My Music Row Story: WME’s Kevin Meads
The “My Music Row Story” weekly column features notable members of the Nashville music industry selected by the MusicRow editorial team. These individuals serve in key roles that help advance and promote the success of our industry. This column spotlights the invaluable people that keep the wheels rolling and the music playing.
As a partner in WME’s Nashville office and a 16-year veteran with the agency, Kevin Meads oversees the daily touring, television, literary, and sponsorship for Brooks & Dunn, Cole Swindell, Chris Lane, Gabby Barrett, Michael Ray, Jon Langston, and others. Meads currently works across WME’s country roster to book large venues in the southeast region. In addition to his work at WME, Meads regularly serves as a mentor to students at Napier Enhanced Option Elementary school and consults on the establishment of various enrichment programs focusing on music and art for the schools.
MusicRow: Where did you grow up?
I grew up in a small town in northeast Alabama called Ragland. It’s about 1,500 population, one stoplight, a stereotypical small town. The closest landmark that you would probably know is the Talladega Motor Speedway. It’s about 20 minutes down the road.
Were you musical at all?
I didn’t come from a musical family at all, but when I was in elementary school, I picked up the trumpet. I didn’t really practice a lot, but my music teacher at the time felt like I had some natural talent with the trumpet, and I loved it. He constantly encouraged me and in the eighth grade, he took me to a concert of a legendary jazz player, Maynard Ferguson, who was playing at my local college. He took me as a way to inspire me and encourage me to practice. Believe it or not, Ragland, Alabama isn’t a big hub for jazz music, so I didn’t know anything about jazz or what I was going to see. Maynard just blew me away with what he did musically. I remember looking over at my music teacher and saying, “When I grew up, I’m want to play with him.” He laughed. Four years later, I ended up getting a scholarship to play trumpet at that college.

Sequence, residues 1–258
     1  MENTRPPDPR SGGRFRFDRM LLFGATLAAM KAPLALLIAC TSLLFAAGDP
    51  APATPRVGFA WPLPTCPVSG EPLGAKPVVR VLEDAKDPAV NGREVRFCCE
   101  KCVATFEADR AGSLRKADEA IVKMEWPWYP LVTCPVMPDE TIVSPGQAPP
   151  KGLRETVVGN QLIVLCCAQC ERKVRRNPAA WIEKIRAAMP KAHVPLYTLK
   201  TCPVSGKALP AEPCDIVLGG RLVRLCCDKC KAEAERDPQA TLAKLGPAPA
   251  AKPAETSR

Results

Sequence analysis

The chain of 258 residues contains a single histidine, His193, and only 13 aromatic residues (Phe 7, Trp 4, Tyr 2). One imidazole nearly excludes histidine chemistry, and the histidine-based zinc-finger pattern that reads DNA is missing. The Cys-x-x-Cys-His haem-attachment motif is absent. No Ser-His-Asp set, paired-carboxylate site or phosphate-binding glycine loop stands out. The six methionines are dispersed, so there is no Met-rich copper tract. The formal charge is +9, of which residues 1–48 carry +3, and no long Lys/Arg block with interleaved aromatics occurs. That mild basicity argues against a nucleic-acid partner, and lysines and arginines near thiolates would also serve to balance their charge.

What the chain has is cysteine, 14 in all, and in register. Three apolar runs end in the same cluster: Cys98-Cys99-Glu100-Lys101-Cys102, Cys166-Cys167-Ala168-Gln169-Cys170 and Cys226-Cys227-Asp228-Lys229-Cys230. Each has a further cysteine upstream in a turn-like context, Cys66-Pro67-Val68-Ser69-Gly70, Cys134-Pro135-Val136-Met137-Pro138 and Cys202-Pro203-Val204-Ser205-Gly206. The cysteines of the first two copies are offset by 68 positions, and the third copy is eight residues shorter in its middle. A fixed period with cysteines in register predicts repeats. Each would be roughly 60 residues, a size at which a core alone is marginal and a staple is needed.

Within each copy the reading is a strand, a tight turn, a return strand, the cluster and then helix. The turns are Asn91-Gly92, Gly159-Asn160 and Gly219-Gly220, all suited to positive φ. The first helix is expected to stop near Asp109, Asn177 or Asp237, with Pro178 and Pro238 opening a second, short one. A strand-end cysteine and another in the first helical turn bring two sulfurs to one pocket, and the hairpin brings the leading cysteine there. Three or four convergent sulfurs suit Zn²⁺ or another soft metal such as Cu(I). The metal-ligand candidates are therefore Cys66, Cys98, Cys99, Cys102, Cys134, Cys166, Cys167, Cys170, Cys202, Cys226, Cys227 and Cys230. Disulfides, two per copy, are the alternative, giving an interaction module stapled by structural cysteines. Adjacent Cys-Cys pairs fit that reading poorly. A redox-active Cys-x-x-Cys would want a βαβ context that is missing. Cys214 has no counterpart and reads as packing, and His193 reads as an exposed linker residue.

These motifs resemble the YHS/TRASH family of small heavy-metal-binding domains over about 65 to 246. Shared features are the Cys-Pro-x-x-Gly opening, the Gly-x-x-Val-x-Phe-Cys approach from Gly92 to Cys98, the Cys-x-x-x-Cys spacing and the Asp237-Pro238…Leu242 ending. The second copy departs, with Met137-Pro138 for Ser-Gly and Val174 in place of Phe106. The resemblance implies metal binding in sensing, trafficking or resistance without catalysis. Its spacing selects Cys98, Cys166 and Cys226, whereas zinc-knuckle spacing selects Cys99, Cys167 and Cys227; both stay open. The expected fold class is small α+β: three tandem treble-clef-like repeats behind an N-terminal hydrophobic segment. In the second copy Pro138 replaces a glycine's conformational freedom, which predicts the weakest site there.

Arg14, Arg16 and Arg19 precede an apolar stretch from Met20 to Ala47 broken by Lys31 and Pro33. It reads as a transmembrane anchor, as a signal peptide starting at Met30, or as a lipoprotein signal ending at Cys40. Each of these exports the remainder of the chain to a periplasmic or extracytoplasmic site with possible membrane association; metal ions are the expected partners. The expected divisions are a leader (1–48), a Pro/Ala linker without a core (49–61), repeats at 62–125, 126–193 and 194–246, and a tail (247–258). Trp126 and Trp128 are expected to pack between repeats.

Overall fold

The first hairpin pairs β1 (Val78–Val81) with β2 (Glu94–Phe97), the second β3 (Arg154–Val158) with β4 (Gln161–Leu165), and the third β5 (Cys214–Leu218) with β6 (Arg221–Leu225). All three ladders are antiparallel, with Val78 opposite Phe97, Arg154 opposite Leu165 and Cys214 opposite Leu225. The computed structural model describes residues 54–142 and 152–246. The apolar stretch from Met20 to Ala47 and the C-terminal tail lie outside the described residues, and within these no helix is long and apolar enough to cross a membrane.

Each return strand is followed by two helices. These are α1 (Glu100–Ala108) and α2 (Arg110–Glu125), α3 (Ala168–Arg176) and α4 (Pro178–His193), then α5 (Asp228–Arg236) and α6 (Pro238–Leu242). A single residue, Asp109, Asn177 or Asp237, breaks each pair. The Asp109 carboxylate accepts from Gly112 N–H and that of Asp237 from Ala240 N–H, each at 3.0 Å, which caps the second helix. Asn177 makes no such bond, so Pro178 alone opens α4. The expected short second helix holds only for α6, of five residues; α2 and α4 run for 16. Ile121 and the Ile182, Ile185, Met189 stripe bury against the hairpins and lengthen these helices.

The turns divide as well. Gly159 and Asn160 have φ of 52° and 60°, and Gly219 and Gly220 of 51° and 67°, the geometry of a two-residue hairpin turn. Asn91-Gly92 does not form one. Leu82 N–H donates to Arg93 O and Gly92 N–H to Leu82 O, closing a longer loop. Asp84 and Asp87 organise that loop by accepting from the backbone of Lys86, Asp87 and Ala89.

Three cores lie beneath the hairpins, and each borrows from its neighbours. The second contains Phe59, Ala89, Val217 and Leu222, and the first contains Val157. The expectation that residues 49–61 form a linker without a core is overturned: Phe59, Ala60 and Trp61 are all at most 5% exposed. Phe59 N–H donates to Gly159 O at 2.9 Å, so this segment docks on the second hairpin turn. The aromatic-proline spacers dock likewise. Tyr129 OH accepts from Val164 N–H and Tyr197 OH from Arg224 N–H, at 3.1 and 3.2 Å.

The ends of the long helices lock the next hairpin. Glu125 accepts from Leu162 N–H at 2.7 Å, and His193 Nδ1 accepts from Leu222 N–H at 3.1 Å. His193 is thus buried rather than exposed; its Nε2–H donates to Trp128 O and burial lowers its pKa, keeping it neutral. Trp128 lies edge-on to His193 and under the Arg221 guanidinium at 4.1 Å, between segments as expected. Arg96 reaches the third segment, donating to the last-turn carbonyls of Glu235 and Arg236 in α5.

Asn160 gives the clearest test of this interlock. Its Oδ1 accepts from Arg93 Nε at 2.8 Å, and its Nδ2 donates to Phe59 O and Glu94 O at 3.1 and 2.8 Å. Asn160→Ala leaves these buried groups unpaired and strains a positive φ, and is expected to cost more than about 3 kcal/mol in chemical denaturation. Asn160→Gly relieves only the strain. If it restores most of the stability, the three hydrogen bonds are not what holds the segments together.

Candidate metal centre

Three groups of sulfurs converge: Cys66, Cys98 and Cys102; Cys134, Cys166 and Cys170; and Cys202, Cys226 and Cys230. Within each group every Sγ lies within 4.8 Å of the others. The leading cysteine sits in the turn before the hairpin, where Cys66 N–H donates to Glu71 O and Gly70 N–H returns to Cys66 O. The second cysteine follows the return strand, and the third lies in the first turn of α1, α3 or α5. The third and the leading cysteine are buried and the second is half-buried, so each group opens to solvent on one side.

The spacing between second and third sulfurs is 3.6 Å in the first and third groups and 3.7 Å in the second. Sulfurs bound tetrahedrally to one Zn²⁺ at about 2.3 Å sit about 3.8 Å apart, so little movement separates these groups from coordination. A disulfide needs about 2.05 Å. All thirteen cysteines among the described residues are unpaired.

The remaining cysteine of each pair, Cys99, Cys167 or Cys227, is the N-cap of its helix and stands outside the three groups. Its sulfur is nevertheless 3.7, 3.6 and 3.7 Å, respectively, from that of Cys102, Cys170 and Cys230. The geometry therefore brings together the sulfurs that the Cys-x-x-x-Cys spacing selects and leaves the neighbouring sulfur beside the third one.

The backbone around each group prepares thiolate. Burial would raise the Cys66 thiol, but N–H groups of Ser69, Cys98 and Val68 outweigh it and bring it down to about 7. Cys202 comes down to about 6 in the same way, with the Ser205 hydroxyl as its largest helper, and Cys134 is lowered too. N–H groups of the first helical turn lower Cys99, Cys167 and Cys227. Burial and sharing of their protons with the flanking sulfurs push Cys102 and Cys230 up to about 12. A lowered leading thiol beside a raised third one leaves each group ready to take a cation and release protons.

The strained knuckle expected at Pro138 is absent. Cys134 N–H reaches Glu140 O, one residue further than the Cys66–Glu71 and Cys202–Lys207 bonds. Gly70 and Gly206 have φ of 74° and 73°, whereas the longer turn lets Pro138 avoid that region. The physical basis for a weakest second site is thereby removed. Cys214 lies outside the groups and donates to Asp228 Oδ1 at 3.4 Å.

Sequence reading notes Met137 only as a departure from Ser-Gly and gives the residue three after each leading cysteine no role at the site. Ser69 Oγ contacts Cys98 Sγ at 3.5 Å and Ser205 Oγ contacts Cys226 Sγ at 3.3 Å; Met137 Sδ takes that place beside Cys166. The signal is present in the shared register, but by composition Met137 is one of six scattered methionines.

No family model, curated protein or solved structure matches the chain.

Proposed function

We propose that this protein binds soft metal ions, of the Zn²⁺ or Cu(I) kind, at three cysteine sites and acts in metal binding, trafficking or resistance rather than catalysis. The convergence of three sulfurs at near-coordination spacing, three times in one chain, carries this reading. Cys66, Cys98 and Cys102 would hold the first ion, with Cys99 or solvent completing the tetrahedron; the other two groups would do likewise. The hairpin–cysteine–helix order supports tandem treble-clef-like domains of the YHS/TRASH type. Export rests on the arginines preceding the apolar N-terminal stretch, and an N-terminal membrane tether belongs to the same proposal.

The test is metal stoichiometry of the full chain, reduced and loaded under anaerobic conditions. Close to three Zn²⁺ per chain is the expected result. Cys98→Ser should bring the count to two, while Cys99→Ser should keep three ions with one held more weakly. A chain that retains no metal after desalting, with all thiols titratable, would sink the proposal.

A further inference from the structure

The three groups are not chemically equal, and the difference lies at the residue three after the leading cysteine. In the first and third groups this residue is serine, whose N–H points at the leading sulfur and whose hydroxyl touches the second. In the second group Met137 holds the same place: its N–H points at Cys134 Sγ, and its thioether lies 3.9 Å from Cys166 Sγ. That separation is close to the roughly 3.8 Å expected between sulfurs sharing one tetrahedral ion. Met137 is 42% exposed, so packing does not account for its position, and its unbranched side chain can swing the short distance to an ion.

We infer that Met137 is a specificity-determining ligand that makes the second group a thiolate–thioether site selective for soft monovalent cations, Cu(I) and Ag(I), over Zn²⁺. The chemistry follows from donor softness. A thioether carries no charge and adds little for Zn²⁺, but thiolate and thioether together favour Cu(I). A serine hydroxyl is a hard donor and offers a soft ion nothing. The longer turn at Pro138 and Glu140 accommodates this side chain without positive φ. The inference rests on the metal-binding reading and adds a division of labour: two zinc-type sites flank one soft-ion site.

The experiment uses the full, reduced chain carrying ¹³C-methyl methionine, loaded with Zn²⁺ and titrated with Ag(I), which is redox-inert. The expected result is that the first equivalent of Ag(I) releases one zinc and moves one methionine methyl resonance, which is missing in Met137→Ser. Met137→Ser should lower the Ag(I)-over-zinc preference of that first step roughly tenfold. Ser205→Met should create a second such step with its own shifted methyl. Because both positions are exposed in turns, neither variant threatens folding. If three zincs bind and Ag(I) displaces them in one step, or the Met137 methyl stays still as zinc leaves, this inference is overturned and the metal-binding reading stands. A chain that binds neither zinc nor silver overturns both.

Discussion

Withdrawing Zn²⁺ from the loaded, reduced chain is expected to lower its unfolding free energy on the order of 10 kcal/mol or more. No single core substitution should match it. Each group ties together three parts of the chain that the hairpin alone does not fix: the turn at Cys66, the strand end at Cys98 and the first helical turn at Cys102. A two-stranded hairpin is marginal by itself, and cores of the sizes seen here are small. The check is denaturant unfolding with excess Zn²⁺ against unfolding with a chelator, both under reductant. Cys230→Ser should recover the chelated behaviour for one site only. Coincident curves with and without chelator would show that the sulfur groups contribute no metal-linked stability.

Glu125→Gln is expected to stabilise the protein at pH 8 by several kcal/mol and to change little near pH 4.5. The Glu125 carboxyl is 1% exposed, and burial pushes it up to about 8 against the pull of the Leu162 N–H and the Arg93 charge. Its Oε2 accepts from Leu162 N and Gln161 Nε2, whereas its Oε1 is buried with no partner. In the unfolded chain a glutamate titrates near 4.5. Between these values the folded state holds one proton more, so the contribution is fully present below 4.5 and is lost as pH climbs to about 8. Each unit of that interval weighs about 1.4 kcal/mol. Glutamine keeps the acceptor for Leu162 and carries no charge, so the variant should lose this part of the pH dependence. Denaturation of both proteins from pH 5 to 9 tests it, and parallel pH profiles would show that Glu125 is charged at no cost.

Is that how you got into the music business?
I encouraged the college to promote another Maynard Ferguson show. They let me be the runner for the concert, and I got to know the tour manager, Ed Sargent, really well. I kept in touch with him and anytime they would play in the area, I would go see them. Fast forward, a few years later, I was still in college, no closer to knowing what I wanted to do in my life.
All I wanted to do was play trumpet with Maynard Ferguson, so I went to another one of his shows and Ed pulled me aside and said, “Hey, would you want to go on the road with us? I have a spot, it’s not to play, but it’s to be Maynard’s personal assistant on the road.” Needless to say, I left school, traded in the books for the tour bus, and went on the road with Maynard and toured the world for four years. I was his personal assistant and got to hang out with him all day and hear the great stories. About a year in, one of the trumpet players in the band left and moved on to another job and Maynard asked me to be in the band. For the next three years I was able to live out my dream and play was with Maynard Ferguson.
The coolest part was one of the last gigs I ever played with him, which was going back to my college where I saw him in the eighth grade perform for the first time. My high school music teacher was in the crowd. At that point, I started thinking, “What’s next?” As a kid, that was the only goal I ever had and I was able to accomplish it. I had to start thinking about what was next.
What was next?